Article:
• Context (IE): Controversy around Chandigarh mayoral polls brought the role of the Returning Officer into the limelight.

Returning officer (RO)

  • RO conducts the election in a constituency and returns elected candidates, hence the name.
  • Representation of the People Act, 1951(Section 21): ECI appoints the RO and Assistant RO for a constituency (or multiple) in consultation with the State Governments or UT.
  • RO is the head of elections in the assigned constituency.
  • Generally, for Lok Sabha elections, the District Magistrate is RO, and for state assembly elections, it is the Sub-Divisional Magistrate.

Duties and responsibilities

  • Accept and scrutinise the nomination forms.
  • Allotment of symbols for independent candidates.
  • Manages ballot papers, EVM, VVPAT, counting and declares the results of elections.
  • Implementation of model code to ensure free and fair elections.

Office of Mayor in India

  • As per the provisions of the 74th Constitutional Amendment, the manner of election and role of the mayor varies from state to state.
  • The mayor is the ceremonial head of a municipal corporation and is the first citizen of that city.
  • The mayor presides over the meetings of the civic body.
  • Generally, all executive powers of municipal corporations are vested in the Commissioner (mostly an IAS) appointed by the State government.
  • Earlier, a private member’s bill was presented to introduce the direct election of the mayor.

Evolution of office of mayor

  • The first municipal corporation was in Madras (Chennai) in 1688.
  • The idea of an elected President in the municipalities was introduced in Lord Mayo’s Resolution of 1870.
  • Lord Ripon’s Resolution on local self-governance (1882) reiterated the same.

Chandigarh Mayor elections

  • It is governed by the Municipal Corporation Act of Chandigarh, which is an extension of the Punjab Municipal Corporation Act 1976.
  • A mayor in Chandigarh is elected from amongst the elected councillors for a one-year term.
  • UT administration supervises the mayor elections, and the Deputy commissioner nominates and appoints the presiding officer.
  • The presiding officer in the Chandigarh election should be an ex-councillor who is not contesting elections.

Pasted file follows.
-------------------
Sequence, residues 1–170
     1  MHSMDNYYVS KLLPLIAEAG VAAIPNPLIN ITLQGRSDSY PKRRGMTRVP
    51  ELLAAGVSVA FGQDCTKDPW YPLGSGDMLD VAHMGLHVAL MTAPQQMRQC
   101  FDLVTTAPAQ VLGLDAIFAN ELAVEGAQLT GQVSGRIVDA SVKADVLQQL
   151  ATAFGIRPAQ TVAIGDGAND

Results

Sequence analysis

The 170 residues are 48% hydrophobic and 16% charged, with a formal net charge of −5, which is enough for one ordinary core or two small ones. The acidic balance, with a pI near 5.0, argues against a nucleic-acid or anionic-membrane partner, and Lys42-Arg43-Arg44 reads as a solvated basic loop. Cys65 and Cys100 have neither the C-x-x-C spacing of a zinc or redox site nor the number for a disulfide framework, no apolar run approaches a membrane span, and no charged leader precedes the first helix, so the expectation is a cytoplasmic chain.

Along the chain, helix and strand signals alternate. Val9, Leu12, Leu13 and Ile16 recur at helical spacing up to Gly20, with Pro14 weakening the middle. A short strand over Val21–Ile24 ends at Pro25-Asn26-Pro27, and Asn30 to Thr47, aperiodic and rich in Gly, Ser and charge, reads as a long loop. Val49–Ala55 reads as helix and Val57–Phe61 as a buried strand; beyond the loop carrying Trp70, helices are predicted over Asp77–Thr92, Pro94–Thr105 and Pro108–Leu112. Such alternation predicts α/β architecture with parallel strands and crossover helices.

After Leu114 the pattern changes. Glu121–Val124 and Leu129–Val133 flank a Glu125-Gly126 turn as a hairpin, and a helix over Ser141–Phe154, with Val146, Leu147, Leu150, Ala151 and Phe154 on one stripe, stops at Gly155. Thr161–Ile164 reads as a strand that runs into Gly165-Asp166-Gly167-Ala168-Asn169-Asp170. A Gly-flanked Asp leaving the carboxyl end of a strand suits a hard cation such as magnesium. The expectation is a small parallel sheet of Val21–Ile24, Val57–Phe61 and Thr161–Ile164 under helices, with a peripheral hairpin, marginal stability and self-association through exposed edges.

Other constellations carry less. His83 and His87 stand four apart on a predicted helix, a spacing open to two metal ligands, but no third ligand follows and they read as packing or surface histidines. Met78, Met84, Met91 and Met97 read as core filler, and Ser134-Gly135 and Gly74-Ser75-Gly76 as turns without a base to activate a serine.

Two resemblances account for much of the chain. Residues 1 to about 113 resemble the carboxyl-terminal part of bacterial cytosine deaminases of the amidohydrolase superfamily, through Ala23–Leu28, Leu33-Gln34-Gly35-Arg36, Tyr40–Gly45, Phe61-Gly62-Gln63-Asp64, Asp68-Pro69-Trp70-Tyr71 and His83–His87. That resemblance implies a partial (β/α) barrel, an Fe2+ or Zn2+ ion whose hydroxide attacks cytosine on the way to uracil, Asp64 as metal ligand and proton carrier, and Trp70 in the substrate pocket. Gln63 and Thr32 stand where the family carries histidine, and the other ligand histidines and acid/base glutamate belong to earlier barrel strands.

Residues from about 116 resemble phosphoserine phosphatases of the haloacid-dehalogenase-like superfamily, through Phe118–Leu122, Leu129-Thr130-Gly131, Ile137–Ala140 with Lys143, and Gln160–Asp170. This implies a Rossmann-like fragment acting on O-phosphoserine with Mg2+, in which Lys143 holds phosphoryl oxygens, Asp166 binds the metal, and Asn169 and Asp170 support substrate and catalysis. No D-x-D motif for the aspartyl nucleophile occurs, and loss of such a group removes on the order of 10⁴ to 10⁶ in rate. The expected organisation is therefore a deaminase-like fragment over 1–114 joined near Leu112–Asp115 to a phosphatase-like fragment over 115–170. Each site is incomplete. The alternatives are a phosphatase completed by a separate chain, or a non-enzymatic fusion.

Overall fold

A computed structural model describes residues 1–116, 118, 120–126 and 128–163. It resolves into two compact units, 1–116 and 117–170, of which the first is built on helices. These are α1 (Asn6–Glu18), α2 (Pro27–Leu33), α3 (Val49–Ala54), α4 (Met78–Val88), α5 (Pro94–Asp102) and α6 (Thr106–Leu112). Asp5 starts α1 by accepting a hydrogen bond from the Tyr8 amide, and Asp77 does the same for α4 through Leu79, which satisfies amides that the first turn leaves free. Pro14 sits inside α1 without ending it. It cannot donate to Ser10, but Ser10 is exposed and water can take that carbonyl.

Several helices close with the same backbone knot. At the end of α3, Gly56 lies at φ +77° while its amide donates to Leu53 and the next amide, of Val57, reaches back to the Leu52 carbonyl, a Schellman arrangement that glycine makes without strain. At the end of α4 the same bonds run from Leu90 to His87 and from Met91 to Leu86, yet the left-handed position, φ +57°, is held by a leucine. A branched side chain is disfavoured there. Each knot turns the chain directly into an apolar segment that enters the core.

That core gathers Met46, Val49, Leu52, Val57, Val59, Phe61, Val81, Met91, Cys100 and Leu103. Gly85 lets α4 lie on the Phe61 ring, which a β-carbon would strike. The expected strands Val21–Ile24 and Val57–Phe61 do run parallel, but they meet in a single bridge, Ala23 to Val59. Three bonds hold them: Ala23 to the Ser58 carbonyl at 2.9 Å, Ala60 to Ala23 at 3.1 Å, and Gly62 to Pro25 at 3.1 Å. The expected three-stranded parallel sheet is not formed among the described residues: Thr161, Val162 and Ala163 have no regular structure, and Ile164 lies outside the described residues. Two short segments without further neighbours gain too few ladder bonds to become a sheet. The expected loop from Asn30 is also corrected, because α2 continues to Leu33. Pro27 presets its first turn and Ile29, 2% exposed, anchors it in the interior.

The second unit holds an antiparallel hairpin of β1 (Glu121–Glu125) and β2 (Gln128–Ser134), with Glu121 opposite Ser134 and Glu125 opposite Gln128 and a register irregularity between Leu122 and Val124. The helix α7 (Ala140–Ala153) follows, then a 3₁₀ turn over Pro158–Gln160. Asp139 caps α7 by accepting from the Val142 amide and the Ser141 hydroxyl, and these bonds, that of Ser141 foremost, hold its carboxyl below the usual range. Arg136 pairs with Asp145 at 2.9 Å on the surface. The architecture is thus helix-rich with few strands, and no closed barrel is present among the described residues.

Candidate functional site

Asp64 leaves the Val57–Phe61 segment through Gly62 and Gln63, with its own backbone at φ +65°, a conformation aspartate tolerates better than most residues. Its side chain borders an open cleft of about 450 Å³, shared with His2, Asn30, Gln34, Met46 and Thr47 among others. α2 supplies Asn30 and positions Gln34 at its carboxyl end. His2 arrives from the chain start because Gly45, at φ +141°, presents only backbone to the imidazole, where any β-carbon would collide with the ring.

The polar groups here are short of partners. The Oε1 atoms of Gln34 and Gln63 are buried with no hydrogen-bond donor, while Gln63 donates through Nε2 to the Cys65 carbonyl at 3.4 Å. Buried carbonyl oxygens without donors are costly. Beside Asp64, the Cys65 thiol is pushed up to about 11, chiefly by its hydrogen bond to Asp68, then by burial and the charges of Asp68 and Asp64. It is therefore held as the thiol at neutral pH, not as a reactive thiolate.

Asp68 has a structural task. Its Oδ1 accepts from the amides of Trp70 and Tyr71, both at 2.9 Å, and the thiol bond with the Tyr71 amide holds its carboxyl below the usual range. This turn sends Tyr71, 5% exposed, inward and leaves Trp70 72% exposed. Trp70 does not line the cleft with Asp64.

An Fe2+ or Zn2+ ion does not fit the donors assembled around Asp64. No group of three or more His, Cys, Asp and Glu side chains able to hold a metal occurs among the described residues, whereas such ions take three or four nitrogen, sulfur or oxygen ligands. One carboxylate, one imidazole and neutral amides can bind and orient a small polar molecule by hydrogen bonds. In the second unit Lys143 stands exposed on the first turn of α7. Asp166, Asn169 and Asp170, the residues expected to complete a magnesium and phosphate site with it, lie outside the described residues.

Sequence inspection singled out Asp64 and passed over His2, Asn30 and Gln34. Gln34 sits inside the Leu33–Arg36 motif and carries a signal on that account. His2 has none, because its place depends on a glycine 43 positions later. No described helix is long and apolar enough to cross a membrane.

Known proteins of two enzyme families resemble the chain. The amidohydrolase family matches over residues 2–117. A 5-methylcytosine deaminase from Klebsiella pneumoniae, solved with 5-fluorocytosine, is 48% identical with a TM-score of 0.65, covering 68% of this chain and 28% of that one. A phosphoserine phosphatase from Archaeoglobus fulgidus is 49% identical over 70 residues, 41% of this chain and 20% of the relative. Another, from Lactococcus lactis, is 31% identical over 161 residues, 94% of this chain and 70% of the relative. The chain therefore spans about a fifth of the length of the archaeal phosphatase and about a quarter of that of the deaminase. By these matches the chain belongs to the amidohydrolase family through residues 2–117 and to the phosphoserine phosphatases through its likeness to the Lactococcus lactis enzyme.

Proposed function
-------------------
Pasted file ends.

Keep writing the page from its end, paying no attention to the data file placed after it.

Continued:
• Earlier, a resolution for a separate Chandigarh MC Act was passed to give the mayor more pawers.
  • The 74th Constitutional Amendment Act of 1992 is applied to UT as Modified by the President.

{GS2 – Polity – IC – Federalism} Net Borrowing Ceiling (NBC) for states

  • Context (TH): The Kerala government has protested imposing a limit on its borrowings.
  • It limits the borrowings of States from all sources, including open market borrowings.
  • Centre has decided to deduct liabilities on the public account of the States to arrive at the NBC.
  • Borrowings by state-owned enterprises serviced out of the Budget, or State revenue, are also deducted from the NBC.

Kerala issue

  • State government projects are funded by the Kerala Infrastructure Investment Fund Board (KIIFB).
  • KIIFB is funded through extra-budgetary borrowings. Its debt is now included in NBC.
  • It has led to restricting the availability of funds to state welfare programmes.

Justification behind the move

  • The imposition of the NBC is done by invoking the powers of the Centre under Article 293(3).
  • Restrictions on extra-budgetary borrowings by state-owned enterprises are justified based on the 15th Finance Commission report to observe fiscal discipline.
  • Article 293(3): The State has to obtain the consent of the Centre to raise ‘any loan’ if ‘any part of the previous loan’ extended by the Centre is outstanding.

Objections raised by Kerala

  • 15th FC report has not called for the inclusion of the debt of state-owned enterprises in the NBC.